How many times have we all wished to have a sneak peek into what the future holds for us? Time travel is perhaps one of the most elusive, yet interesting and highly recognized concept in philosophy and sci-fiction. While many of us might have enjoyed imagining how the future could look like 50 or 100 years from now, no one can actually say what will really happen. And the best thing we can do is be hopeful and work towards a future that is better than our present.

Keeping this in mind, the Red Cross Red Crescent Climate Centre came up with an innovative idea of building a Time-Capsule in the beginning of the year 2020. As part of the Climate Centre’s exploration of the concept of “Long Termism”, the time capsule is being built to serve as a reminder that 'the kind of actions we take today will decide what we leave behind for future generations.'

Artists at work, making of the Time Capsule from recycled internal combustion engines.

What is the Time Capsule?

The Time capsule, which is being regarded as 'the engine of long-termism' has been receiving contributions from all around the world, in the form of letters, drawings, poems and 2020-specific memorabilia. The idea is that the time capsule will be closed end of the year in December and then installed in the International Red Cross and Red Crescent Museum, open to visitors. It will be housed in the museum for the next 30 years and opened in 2050.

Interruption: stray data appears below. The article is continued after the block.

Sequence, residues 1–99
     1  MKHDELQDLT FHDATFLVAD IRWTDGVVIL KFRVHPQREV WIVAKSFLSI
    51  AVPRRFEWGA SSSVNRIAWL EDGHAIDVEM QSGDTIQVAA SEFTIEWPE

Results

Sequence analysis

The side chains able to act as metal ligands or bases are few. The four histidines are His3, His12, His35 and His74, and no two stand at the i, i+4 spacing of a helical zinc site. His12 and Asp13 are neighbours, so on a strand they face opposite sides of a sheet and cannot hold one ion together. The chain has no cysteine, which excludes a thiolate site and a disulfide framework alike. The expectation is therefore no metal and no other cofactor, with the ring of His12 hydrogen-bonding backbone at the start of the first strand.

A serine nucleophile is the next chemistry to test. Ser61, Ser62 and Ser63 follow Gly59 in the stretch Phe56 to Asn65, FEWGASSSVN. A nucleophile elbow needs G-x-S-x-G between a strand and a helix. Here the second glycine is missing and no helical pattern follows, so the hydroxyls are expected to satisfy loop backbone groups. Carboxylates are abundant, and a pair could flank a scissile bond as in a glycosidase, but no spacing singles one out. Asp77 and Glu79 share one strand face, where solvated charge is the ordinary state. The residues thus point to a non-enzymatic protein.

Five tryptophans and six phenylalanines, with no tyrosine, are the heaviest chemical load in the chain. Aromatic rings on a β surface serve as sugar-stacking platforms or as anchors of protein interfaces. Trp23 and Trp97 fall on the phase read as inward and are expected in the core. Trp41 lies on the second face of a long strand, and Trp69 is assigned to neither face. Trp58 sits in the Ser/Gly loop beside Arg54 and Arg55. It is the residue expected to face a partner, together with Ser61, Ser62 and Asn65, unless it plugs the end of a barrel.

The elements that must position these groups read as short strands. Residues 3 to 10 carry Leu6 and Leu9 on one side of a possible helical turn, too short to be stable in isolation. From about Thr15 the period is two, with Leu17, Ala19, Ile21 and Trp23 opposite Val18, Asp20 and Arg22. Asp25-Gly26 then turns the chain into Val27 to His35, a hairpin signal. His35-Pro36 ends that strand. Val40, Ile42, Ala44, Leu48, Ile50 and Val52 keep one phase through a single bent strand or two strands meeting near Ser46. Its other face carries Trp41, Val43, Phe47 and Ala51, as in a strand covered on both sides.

The time capsule is made by a group of architects from the Los Angeles-based United Environment Architecture who are making the capsule from recycled internal combustion engines. This is being done “as a homage to a dying technology, and a celebration of the growing culture of reusing and re-purposing."

Blue Print of the Time Capsule in making

What is the objective of the Time Capsule?

The objective of the exercise is to enable people and societies to break free from the short-term decision-making practices that dominates our world today. Individuals and organisations are often only thinking in terms of 1 to 3 years project cycles, while failing to consider impacts, consequences and relationships over the longer term.

While the Climate Centre as an organisation plans to infuse long-termism into their everyday functioning and institutional processes, we at seventeen goals magazin believe that thinking and planning long term is the only way to achieve the 17 UN Sustainable Goals.

Along similar lines, earlier in the year we had published an article on "Letter from the future" by one of our guest authors, Rebecca Freitag. In the letter she writes to her grandchildren on how the Corona Pandemic had presented an opportunity in the year 2020 and how our world changed for the better because the society learned a lesson and started to take climate change, pollution and such other challenges seriously.

That is indeed the change we want to see and the future we all hope to achieve. And the process has started now with Climate Centre's Time Capsule. So if you are inspired, and would like to leave a message, a photograph or any personal memorabilia inside the capsule, please send in your contribution to this link.

The Climate Centre supports the Red Cross and Red Crescent Movement and its partners in reducing the impacts of climate change and extreme weather events on vulnerable people by offering a wide range of expertise – ranging from providing technical guidance on climate science to facilitating knowledge dissemination through trainings, games and interactive workshops.

Header Picture: Graphic from the Future Ancestor Advisory Project, by Rebeka Ryvola, Learning Advisor at the Climate Centre